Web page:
The pandemic may have caused 200,000 business closures – fewer than expected

Store closed coronavirus
A store closure in New York.

  • A Fed survey found that 200,000 extra US businesses have permanently closed in the past year.
  • That’s on top of the estimated 600,000 businesses that close in a given year.
  • Small businesses were not hit as hard as expected, which could be because of government aid.
  • See more stories on Insider’s business page.

In recent years, Federal Reserve economists have estimated that 600,000 US businesses have permanently closed each year. But a Fed study released on Thursday found that the pandemic has resulted in an additional 200,000 permanent closures of businesses over prepandemic levels – or about a quarter to a third above normal.

Individual companies account for about two-thirds of the closures, while personal service providers, like hair and nail salons, were the hardest hit, accounting for 100,000 permanent closures between March 2020 and February 2021.

“Business exit implies permanent job destruction, potentially detaching workers from the labor market and limiting the speed of the employment recovery,” the study said.

The study also said that small businesses had lower exit rates than expected from early on in the pandemic, and while the Fed economists did not provide a reason for this in the study, many small businesses have managed to stay afloat with the help of government aid.

The expectations early in the pandemic were dire for small business. For instance, the National Federation of Independent Business found in a July survey that 23% of small businesses expected to be closed within six months unless economic conditions changed.

Government aid may have accounted for some of this upside surprise. Insider reported on March 16 that most small businesses continued to pay their bills during the pandemic through the Paycheck Protection Program, which gives loans to small businesses.

On top of stimulus aid, Biden’s infrastructure plan could also help mitigate the toll the pandemic has had on US businesses. The president proposed a $400 billion investment to strengthen and protect America’s businesses, which would encourage and promote domestic production of goods.

But the aid can only last so long, and The Wall Street Journal reported that businesses that have not yet permanently closed could soon collapse under the burdens of back rent and unpaid loans.

Insider also reported on Friday that the situation remains challenging for businesses that are open – they’re struggling to hire because of a labor shortage caused by a number of things, including unemployment benefits disincentivizing people to work and fear of contracting COVID-19.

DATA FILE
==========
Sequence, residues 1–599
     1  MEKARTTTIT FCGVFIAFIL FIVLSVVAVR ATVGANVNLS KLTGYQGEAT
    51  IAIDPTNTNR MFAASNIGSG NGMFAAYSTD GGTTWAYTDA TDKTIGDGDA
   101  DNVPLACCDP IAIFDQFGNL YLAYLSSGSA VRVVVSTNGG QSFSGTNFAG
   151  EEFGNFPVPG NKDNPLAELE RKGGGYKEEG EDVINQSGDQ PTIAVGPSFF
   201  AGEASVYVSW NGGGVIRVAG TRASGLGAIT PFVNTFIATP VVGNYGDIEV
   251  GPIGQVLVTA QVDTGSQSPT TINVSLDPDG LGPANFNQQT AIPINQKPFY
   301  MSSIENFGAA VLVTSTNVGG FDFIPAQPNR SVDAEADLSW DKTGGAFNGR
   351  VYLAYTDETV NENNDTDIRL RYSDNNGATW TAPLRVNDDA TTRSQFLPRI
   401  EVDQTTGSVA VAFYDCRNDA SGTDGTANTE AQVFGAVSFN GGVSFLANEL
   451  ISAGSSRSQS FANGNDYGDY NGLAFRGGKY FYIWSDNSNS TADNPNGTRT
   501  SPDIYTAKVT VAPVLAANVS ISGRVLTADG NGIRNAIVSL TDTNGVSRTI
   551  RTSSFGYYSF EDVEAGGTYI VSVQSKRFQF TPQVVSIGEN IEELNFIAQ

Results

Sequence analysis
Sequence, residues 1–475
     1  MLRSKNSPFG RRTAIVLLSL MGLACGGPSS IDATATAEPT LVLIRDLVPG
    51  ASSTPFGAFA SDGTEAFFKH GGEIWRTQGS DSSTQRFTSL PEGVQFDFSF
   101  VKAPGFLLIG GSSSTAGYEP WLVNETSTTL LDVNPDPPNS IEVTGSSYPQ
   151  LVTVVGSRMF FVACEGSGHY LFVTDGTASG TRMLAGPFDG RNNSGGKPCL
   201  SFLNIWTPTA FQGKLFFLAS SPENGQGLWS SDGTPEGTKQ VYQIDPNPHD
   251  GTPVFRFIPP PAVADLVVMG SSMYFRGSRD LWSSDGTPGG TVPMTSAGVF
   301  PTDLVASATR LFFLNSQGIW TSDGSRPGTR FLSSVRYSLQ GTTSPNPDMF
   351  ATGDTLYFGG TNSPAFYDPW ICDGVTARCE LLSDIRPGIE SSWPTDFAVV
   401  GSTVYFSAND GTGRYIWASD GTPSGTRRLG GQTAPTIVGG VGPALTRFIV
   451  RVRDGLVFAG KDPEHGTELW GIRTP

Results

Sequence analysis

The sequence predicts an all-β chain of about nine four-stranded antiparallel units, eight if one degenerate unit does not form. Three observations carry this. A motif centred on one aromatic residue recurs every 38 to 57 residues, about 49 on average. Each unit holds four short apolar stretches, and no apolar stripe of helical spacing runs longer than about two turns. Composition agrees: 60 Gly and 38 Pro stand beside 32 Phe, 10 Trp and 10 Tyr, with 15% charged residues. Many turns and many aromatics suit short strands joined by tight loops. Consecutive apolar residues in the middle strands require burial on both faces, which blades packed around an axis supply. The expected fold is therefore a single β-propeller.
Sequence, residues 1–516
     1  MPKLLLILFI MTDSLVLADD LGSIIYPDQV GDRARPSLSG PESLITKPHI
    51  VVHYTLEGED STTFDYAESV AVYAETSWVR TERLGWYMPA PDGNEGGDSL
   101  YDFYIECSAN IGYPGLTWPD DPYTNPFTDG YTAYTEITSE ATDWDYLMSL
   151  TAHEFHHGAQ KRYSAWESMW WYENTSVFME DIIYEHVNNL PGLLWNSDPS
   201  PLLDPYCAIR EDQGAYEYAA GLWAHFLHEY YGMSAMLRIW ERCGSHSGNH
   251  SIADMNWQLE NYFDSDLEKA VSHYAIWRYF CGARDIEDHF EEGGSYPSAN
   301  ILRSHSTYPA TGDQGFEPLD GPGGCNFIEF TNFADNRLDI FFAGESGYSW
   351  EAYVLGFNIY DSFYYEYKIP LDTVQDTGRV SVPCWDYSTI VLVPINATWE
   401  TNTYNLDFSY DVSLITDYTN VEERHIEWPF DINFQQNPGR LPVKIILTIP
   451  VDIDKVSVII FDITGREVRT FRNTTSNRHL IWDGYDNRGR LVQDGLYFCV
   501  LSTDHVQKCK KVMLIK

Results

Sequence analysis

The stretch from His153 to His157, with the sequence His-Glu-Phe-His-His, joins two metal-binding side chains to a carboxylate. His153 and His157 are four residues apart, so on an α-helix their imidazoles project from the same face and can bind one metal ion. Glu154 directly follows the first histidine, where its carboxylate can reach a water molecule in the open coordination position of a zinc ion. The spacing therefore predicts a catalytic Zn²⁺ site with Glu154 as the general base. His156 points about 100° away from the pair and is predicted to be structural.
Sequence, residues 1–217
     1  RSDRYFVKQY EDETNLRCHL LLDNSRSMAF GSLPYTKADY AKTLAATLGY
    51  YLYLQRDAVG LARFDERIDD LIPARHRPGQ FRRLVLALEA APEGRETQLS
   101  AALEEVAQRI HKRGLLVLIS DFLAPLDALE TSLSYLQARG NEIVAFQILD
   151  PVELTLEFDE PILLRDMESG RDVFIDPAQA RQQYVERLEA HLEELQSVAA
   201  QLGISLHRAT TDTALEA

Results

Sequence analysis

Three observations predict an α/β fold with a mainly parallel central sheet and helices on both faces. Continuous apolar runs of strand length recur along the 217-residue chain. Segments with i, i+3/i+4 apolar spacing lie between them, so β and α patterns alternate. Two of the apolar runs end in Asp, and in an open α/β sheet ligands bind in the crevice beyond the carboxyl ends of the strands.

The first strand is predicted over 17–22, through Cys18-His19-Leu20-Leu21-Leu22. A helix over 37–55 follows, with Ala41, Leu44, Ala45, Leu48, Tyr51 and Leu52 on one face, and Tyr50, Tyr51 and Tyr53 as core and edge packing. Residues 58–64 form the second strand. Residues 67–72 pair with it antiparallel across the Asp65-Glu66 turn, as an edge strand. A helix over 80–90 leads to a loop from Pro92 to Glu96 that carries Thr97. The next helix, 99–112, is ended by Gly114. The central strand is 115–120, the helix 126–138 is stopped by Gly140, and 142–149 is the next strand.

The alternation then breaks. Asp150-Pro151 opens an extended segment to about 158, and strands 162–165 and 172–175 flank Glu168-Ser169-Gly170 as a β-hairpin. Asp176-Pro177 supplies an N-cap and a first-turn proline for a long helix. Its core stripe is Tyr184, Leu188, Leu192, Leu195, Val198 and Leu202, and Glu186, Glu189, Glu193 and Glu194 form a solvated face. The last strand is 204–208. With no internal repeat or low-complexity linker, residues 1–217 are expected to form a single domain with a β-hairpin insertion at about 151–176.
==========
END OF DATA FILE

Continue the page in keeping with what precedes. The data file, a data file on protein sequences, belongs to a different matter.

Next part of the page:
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Biden signs PPP small-business aid extension into law one day before it was set to expire

Joe Biden
President Joe Biden.

  • Biden signed the PPP Extension Act into law on Tuesday.
  • This bill extends the small business lending program by two months, through May 31.
  • It also allows the Small Business Administration to continue processing applications through the end of June.
  • See more stories on Insider’s business page.

One day before it was set to expire, on Tuesday President Joe Biden signed the Paycheck Protection Program (PPP) extension into law, extending federal aid for small businesses through May 31.

Five days ago, the Senate sent the PPP Extension Act to Biden’s desk, which extends the small-business lending program by two months and permits the Small Business Administration to continue processing loan applications through the end of June. In both the House and the Senate, the bill passed with overwhelming bipartisan support, and Biden declared the law a “bipartisan accomplishment.”

“Without signing this bill today, there are hundreds of thousands of people who would lose their jobs, and small family businesses that might close forever,” Biden said before signing the bill.

Lawmakers lauded the passage of the PPP extension, given that many small business are still suffering financial hits brought on by the pandemic. That’s why Biden included $50 billion in small business aid in his stimulus plan, including $7.25 billion specifically for the PPP.